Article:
Spousal maintenance – What do you need to know?

The concept of spousal maintenance can feel overwhelming for anyone experiencing the emotional and financial challenges of a divorce or dissolution of a civil partnership.

Understanding your rights and obligations is vital, which is why it is highly advisable to consult with an experienced family law solicitor.

They can provide valuable guidance and insights, and explain the law which relates to this area.

Understanding spousal maintenance

Spousal maintenance is financial support paid by one ex-spouse to the other after a divorce or separation. Interim spousal maintenance may also be paid during the course of proceedings and this may be known as Interim Maintenance or Maintenance Pending Suit.

Spousal maintenance is distinct from child support and is intended to assist the lower-income or non-earning spouse in adjusting to their new financial circumstances post-separation.

The purpose of spousal maintenance is to help the recipient spouse meet their needs and to help them adjust financially after separation.

The support varies from temporary assistance during legal proceedings (known as Maintenance Pending Suit) to ongoing maintenance after the divorce (which is known as a Periodical Payments Order).

Are there eligibility criteria?

Eligibility is based on the individual circumstances of the marriage or civil partnership along with the needs of the receiving party balanced against the ability to pay the paying party.

The Court takes into account various factors to determine if maintenance is necessary and the extent of the support that should be provided. These criteria include:

  1. The duration of the marriage or civil partnership.
  2. The standard of living enjoyed during the relationship.
  3. Each person’s financial resources and earning capabilities.
  4. The needs and responsibilities of each party.
  5. Opportunities for achieving financial independence.

Ultimately, the goal is to reach a fair resolution that recognises the contributions made by each party and the economic impact of ending the marriage.

In some cases, this may mean ongoing support, while in others, a one-off settlement or “clean break” could be deemed more appropriate. The court has an obligation to facilitate a clean break if resources allow for that and this would then mean there is no ongoing spousal maintenance.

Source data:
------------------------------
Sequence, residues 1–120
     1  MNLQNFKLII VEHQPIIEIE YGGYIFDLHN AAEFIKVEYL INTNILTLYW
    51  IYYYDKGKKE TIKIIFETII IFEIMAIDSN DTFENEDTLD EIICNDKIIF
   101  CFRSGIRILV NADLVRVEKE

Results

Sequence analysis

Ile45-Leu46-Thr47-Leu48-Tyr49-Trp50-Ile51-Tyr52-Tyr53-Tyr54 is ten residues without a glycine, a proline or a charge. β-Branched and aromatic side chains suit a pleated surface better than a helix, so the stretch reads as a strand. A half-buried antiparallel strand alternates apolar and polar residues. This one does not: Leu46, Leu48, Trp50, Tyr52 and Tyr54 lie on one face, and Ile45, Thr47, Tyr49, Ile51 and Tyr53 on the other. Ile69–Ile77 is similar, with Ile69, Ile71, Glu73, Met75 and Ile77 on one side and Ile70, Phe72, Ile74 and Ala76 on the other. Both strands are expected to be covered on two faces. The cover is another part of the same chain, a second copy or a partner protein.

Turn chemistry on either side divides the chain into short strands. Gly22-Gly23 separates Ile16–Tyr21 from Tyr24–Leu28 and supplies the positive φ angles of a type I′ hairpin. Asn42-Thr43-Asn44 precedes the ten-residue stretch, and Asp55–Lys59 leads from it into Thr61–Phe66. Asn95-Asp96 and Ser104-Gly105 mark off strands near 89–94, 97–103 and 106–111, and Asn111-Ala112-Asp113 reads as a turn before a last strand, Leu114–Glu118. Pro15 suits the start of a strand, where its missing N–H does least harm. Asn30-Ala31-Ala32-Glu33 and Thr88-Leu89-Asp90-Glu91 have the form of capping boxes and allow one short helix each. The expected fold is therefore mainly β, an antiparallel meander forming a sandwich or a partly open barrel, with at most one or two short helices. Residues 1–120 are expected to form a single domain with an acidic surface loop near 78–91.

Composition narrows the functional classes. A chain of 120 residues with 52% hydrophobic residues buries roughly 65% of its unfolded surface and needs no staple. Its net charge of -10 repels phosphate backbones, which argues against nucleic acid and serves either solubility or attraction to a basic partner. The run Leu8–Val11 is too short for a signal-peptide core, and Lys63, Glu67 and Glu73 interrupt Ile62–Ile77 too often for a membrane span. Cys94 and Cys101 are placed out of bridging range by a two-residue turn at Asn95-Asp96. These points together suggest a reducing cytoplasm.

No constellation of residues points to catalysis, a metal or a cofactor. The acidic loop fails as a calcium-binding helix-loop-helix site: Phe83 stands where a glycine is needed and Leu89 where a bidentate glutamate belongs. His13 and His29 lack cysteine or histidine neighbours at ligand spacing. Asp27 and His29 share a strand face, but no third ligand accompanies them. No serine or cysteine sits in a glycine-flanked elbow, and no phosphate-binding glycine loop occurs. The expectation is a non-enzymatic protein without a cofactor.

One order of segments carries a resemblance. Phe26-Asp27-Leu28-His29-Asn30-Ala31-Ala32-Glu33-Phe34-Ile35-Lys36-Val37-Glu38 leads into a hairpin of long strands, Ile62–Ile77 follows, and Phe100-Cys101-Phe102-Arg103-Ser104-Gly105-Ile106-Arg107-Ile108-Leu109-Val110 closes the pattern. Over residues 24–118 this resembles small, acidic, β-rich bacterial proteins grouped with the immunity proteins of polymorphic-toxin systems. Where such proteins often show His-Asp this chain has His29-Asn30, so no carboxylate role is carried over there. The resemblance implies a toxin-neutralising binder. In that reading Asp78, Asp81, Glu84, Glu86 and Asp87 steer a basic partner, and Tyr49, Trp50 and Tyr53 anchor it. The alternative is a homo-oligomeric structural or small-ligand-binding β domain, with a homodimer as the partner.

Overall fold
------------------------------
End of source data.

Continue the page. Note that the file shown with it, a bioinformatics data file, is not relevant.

How can a solicitor help?

Our Family and Relationship team specialises in supporting clients through the legal intricacies of financial matters following the breakdown of a relationship.

They can help in several ways including (but not limited to):

  1. Assessment: Determining eligibility for spousal maintenance and estimating potential amounts based on various factors.
  2. Negotiation: Representing your interests in negotiations with your ex-partner, aiming to reach an amicable agreement that is fair and equitable.
  3. Legal documentation: Drafting and reviewing any agreements to ensure they are legally binding and reflect the terms agreed accurately.

Can spousal maintenance be changed or stopped?

Yes, spousal maintenance is not a permanent arrangement. It can be varied or discharged under certain conditions:

  1. Change in circumstances: If there are significant changes in circumstances, such as the payer’s loss of employment or the recipient’s new job or remarriage, either party can apply to the court for a variation or cessation of payments.
  2. Fixed term: Typically spousal maintenance is set for a fixed term, allowing the recipient time to gain employment or complete educational qualifications and become financially independent.

It is essential to seek legal advice if you believe a change in your spousal maintenance is warranted, as this is a legally complex area.

What happens if one party stops paying spousal maintenance?

If a party fails to comply with a spousal maintenance order, there are several steps that can be taken:

  1. Legal advice: First, consult with your solicitor to discuss the best course of action.
  2. Enforcement: Your solicitor can help you apply to the court for enforcement of the order. The court has various powers to enforce payment, including orders for the sale of property, garnishing wages, or even seizing assets.

Non-payment of spousal maintenance can have serious legal consequences and it is advisable to address these issues promptly with the assistance of a solicitor.

For help and advice with family and relationship matters, please get in touch with Alison Green, Head of our Family and Relationship Team at Mackrell.Solicitors on +44 (0) 20 7240 0521 or at alison.green@mackrell.com

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Alison Green
Alison has more than 25 years’ experience assisting clients with Family and Relationship matters. Her expertise covers matrimonial work, including divorce and the associated financial and children issues; pre and post-nuptial agreements; co-habitation disputes; civil partnership agreements and the breakdown of civil partnerships.